Brussels attacks: How extremism flourished amid lack of integration in Molenbeek

Neglect appears to have allowed Salah Abdeslam to hide there for months

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The Independent Online

Almost no one from outside Molenbeek goes there unless they have to – least of all, members of the Belgian political establishment, some of whom seem embarrassed that such a poor, immigrant-heavy neighbourhood is actually part of the nation’s capital.

The west Brussels district that spawned the bombers and many of the Paris attackers is marginalised. with tightly packed social housing that is home to many unemployed young men, often the children or grandchildren of North African – mainly Moroccan – immigrants. 

That neglect appears to have allowed Salah Abdeslam, a member of the Paris terrorist squad that killed 130 people, to hide there for months. His arrest last week was almost certainly the catalyst for the strike on 22 March.

His fingerprint was found in a flat rented by Khalid el Bakraoui who – despite being on an Interpol wanted terrorist list – was able to evade arrest long enough to carry out his deadly plans. A manhunt continues for Najim Laachraoui, another fugitive whose DNA was on explosive belts found at the sites of the Paris attacks, and is likely to have been the third man involved in the airport suicide attack on 22 March.

The problems highlighted in Molenbeek have led to tensions between Belgium and France – which was not alerted to the threat across its border – and prompted Britain to offer investigative expertise. “If you don’t work hard to make society as integrated as you can, it makes it easier for these groups to hide in plain sight,” said Kevin Hurley, a former head of counter-terrorism at the City of London Police.

A look at Molenbeek, the small Belgian suburb home to some of the world’s most dangerous terrorists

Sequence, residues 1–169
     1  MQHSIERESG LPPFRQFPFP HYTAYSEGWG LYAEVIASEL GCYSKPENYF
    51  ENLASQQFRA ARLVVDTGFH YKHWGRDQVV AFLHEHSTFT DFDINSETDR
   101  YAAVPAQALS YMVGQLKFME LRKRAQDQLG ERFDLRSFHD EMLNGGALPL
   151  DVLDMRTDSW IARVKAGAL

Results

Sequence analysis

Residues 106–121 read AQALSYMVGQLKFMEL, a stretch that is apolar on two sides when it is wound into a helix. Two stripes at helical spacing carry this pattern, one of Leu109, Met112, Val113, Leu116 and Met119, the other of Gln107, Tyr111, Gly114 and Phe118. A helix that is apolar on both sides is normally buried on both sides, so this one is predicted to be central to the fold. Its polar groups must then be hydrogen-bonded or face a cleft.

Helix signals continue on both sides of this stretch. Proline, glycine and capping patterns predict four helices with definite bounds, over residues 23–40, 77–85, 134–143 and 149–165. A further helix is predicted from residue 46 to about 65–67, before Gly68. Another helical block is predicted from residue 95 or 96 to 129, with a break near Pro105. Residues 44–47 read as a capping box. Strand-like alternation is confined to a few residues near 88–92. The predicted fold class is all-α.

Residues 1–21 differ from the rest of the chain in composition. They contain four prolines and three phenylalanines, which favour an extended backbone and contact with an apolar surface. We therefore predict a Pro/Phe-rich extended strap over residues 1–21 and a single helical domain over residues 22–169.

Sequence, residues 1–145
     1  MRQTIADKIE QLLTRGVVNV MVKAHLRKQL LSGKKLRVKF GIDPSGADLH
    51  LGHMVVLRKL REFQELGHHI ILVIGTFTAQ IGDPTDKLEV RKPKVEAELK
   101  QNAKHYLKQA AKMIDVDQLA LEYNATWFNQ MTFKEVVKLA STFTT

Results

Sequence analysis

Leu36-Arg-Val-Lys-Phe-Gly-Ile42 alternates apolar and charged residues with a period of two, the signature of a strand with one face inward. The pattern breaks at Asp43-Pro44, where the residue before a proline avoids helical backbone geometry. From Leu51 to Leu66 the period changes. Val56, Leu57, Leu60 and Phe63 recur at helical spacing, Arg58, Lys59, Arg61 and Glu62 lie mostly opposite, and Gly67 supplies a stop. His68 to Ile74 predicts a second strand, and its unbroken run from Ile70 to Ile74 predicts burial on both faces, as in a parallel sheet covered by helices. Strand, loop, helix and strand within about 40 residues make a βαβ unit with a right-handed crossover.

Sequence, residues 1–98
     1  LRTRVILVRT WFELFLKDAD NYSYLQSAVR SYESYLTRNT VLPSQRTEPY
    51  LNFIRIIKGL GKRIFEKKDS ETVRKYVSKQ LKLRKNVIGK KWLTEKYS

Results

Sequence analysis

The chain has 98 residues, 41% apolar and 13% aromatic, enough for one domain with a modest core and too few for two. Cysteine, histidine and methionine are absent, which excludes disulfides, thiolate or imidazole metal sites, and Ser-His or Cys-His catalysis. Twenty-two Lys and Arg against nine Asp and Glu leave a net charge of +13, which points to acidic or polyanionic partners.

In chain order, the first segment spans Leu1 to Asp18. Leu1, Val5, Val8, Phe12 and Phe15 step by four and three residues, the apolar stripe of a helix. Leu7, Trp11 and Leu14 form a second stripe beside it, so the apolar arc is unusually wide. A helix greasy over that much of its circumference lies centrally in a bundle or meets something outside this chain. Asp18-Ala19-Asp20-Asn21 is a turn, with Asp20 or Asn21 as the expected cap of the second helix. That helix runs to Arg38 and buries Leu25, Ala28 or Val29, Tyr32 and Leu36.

At fault is a chronic under-investment and dysfunction within Belgium’s security apparatus. Brussels is not just the nation’s capital, but also hosts the EU institutions, Nato and other international bodies. Yet the state security service has a staff of only around 600. The former head of the Belgian intelligence agency said there was a shortfall of at least 100 officers.

The government responded to this shortage only in January last year, after the Charlie Hebdo attacks in Paris, when security services foiled a terrorist plot with a raid in the western town of Verviers.

“It was partly due to austerity,” said Rik Coolsaet, an expert in terrorism at the University of Ghent. “It was also due to the gap between the political and intelligence worlds: intelligence people did not have friends in politics, and politicians did not appreciate the need to keep track of new developments like foreign fighters.”

It was into this seam that terrorist groups spread. Salah Abdeslam, the would-be Paris attacker captured on 18 March, and his brother Brahim, who died at the Stade de France, were on a watchlist, but the services lacked follow-up capacity. Belgium failed to spot the Paris plotters in Molenbeek or to flag information about known radicals to France.


Police officers in Molenbeek last week, following Salah Abdeslam's capture (AP)

The Turkish President Recep Tayyip Erdogan claimed that one of the Brussels attackers had been caught in Turkey in June, but Belgium had failed to heed a warning he was a foreign fighter.

French politicians and media have been particularly critical of Belgium since November’s attacks in Paris. The failures also point to a wider malaise across Europe with implications for Britain, where counter-terrorism expertise threatens being undermined by failures elsewhere. Europol, the European policing agency, noted in January that the Paris attacks showed that the “exchange of information … needs improving.”

Assaf Moghadam, a professor at the Israel-based International Institute for Counter-Terrorism, said: “While people can travel freely across borders, there is little co-ordination between European intelligence services.”

Belgium has seen the highest proportion of jihadi fighters leaving for Syria and Iraq per head of the population of any country in Europe, with more than 450 travelling to fight. There is also wider dysfunction in the country, with complex and overlapping state structures: three regional governments and parliaments, plus a further three national parliaments, one for each language group including German. Brussels itself has six separate district police forces as well as federal police. The inherent tension between the French and Dutch-speaking halves can paralyse business.

Many problems come back to Molenbeek, a borough of 90,000. It is poor and badly integrated, with many disaffected young men easily lured into criminal gangs. Jihadists prey on local insecurities, promising that youngsters can redeem themselves as heroes fighting infidels in Syria. And the ineffective Belgian state seems both powerless and ignorant of what is going on, just a short distance from the heart of the government.